windower_spec_file : "/Users/sstraube/pySPACEcenter/specs/node_chains/windower/example_tutorial_eeg_only_window_spec.yaml"
        local_window_conf : True
    node : Detrending
        subset : eval(range(100,201))
    node : Decimation
    parameters : 
        target_frequency : 100.0
        comp_type : normal
    node : FFT_Band_Pass_Filter
    parameters : 
        pass_band : [0.0, 10.0]
    node : Time_Series_Sink

This is the node chain that defines how the data is treated. In every node, the data is processed and passed to the next node, until finished (for more information on available nodes see node documentation). Here, e.g., the data is detrended, its sampling frequency decimated and finally bandpass-filtered between 0 Hz and 10 Hz. The Source and Sink nodes deal with loading and saving of the data. By convention, when using launch in the run environment, every node chain should start with a source node and end with a sink node.

The path given here is just an example. Therefore, before executing, you should adjust the path of the windowing spec file according to your own.

Running the NodeChain

Now let us import the software and run the node chain! You can do the following either in a Python session or by writing and executing a script.

As a first step, we import everything that is necessary:

from pySPACE.environments.chains.node_chain import NodeChainFactory
from pySPACE.environments.chains.node_chain import BenchmarkNodeChain
from pySPACE.resources.dataset_defs.base import BaseDataset

The YAML file is converted to an executable NodeChain with the NodeChainFactory. The BenchmarkNodeChain was written to execute offline data and the resources package is used to collect the necessary information concerning the underlying data, i.e. the so called dataset.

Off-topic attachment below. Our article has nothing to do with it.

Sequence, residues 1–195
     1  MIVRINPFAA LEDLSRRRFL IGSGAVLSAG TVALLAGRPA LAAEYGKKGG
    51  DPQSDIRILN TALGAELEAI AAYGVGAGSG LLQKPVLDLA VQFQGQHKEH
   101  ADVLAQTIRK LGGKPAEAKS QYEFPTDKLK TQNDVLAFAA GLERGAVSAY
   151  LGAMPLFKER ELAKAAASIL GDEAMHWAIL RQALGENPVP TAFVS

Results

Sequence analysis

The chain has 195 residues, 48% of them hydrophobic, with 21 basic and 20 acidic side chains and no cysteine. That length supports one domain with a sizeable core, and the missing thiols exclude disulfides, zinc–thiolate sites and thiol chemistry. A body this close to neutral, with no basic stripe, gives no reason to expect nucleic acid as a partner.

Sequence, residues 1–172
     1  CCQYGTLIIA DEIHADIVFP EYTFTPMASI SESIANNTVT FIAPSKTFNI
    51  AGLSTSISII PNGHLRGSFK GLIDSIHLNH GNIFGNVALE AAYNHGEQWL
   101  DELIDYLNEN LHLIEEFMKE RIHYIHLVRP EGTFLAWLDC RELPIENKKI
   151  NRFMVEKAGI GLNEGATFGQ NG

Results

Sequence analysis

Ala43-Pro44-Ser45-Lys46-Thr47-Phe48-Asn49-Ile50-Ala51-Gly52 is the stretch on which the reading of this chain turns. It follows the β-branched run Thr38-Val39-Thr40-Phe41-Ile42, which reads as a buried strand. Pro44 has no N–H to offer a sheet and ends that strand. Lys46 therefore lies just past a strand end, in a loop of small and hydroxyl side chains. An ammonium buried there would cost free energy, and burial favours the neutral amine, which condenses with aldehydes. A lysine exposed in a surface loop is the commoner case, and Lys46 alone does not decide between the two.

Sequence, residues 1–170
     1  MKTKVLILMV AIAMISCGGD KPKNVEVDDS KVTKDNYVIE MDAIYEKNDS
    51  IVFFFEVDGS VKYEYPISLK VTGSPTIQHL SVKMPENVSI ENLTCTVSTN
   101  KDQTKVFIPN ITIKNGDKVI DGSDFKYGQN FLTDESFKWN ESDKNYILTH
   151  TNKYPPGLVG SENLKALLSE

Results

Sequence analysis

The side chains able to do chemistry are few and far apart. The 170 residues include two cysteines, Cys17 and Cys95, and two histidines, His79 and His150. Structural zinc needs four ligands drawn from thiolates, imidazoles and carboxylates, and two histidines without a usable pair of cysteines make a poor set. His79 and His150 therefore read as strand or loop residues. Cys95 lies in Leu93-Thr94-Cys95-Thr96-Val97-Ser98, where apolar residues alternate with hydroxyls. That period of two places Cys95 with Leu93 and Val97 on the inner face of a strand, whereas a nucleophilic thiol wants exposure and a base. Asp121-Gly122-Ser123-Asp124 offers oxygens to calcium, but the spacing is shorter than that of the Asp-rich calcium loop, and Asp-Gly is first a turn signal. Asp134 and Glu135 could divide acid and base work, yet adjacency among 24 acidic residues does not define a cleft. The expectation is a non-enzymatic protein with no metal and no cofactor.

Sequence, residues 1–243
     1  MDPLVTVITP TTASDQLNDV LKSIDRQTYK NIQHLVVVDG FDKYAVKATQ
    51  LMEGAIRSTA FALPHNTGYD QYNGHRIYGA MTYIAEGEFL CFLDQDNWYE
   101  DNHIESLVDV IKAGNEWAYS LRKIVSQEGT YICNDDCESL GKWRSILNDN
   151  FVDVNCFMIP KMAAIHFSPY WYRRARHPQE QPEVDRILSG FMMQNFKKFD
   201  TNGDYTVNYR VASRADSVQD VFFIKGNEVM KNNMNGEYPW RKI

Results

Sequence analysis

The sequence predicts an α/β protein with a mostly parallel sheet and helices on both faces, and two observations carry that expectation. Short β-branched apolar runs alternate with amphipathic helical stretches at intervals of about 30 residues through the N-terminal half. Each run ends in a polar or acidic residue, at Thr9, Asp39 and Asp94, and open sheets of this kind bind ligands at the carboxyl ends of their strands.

Second, we define necessary directories and location of the NodeChain (please adjust the paths accordingly):


The store_dir specifies where the data should be stored to disk. As a next step, we have to read the text from the YAML file:


Now a valid node chain is created with the given specifications. The necessary functions for execution are defined by the class in the module node_chains (in this case BenchmarkNodeChain). Here, you might get a warning which you can ignore.

my_flow = NodeChainFactory.flow_from_yaml(Flow_Class=BenchmarkNodeChain, flow_spec=pyspacespec)

As introduced above, the data is loaded with the help of resources and the corresponding metadata.yaml file. This is done in the next step:

input_dataset = BaseDataset.load(data_dir)

Now the data is processed and the result is stored in the variable result, which has a data type that is defined in pySPACE and comes with its own store method. By calling this method, the data is stored to disk in the appropriate data format:

result = my_flow.benchmark(input_collection = input_dataset, persistency_directory = store_dir, run=1)

In principle, you can use more than one set (=run) for your evaluation, but again you have to specify how to deal with these, e.g., how to deal with the numbering. As you already may have guessed, this is been shaded for the user when using the software. Thus, you should not worry about the argument run=1 for now.

Curious on what you have done?

Since you’ve seen already in the spec file how the data is processed, the answer might be a little bit disappointing: besides that it is windowed, the data is nearly the same. Nevertheless you can play around a bit with the stored data to get an idea of how it is generally stored as long as it is a TimeSeries. To do this, you can start with the following code in your store_dir and go on as you like...

import cPickle
import pylab as pl


print first_elem.tag
print first_elem.channel_names

pl.plot(first_elem[:,0]) #plot data of first electrode